Krakow proves to be Poland's prime cultural and tourist attraction with hardly any equals in the entire Central Europe.
The Old Town district is actually a medieval city with a well preserved original grid of streets. The huge central square, Europe's largest, seems the last stage in the perfection of the art of city planning in these times.
Wawel Hill in Krakow, a must to visit for foreign tourists is a micro-cosmos of Polish history and culture. From the 11th century on Poland's monarchs took up their residence here, in the Royal Castle, and they were both crowned and buried in the Wawel Cathedral. Krakow, the proud capital of a mighty kingdom for centuries, is now a city of a truly European status.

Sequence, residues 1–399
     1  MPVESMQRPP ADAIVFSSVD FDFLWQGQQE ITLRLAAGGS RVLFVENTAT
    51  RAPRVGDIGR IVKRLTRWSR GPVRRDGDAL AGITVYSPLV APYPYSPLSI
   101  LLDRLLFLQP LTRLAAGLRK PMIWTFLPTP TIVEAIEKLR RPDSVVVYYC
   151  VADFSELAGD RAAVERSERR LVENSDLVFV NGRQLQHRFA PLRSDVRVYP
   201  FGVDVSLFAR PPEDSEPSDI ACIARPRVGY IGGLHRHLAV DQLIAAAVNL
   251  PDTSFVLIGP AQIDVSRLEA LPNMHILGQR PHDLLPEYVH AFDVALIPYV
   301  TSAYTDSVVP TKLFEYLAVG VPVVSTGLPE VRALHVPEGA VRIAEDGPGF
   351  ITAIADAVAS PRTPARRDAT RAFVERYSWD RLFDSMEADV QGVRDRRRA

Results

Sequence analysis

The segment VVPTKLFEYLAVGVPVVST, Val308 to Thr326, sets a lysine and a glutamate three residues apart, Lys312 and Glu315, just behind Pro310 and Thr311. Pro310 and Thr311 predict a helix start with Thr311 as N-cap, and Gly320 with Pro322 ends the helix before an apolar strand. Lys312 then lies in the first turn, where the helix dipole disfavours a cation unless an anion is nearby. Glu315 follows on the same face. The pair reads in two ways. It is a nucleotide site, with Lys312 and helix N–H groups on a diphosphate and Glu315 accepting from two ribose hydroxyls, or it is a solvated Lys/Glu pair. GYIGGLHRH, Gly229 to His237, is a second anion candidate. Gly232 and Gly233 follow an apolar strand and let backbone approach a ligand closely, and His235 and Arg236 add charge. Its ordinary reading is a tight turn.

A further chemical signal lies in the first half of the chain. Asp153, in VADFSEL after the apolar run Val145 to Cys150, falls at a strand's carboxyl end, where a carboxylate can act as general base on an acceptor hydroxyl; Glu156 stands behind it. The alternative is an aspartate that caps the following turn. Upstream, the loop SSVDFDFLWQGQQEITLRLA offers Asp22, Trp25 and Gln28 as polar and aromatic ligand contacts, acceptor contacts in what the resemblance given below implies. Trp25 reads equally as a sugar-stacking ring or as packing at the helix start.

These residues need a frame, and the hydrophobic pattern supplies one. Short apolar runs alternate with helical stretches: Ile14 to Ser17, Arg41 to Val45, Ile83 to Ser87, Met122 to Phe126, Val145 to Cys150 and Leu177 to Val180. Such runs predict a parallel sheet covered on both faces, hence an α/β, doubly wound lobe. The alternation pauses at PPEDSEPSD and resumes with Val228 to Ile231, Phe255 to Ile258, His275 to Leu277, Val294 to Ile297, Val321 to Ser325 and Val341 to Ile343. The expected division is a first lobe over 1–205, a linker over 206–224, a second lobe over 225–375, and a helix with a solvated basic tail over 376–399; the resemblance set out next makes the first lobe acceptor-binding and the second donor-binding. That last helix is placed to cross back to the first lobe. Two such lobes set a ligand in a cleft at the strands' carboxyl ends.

A genuine pearl in the vicinity of Krakow is the 700-years old Wieliczka Salt Mine, one of the UNESCO World Heritage sites. In 1995, the Cultural Council of Ministers of the European Union passed a decision granting the title of the Capital of European Culture for the year 2000 to nine cities. Krakow was nominated as one of the first laureates, in Central Europe along with Prague.
For further information, see:
Krakow 2000 Culture Festival:
Wieliczka Salt Mine: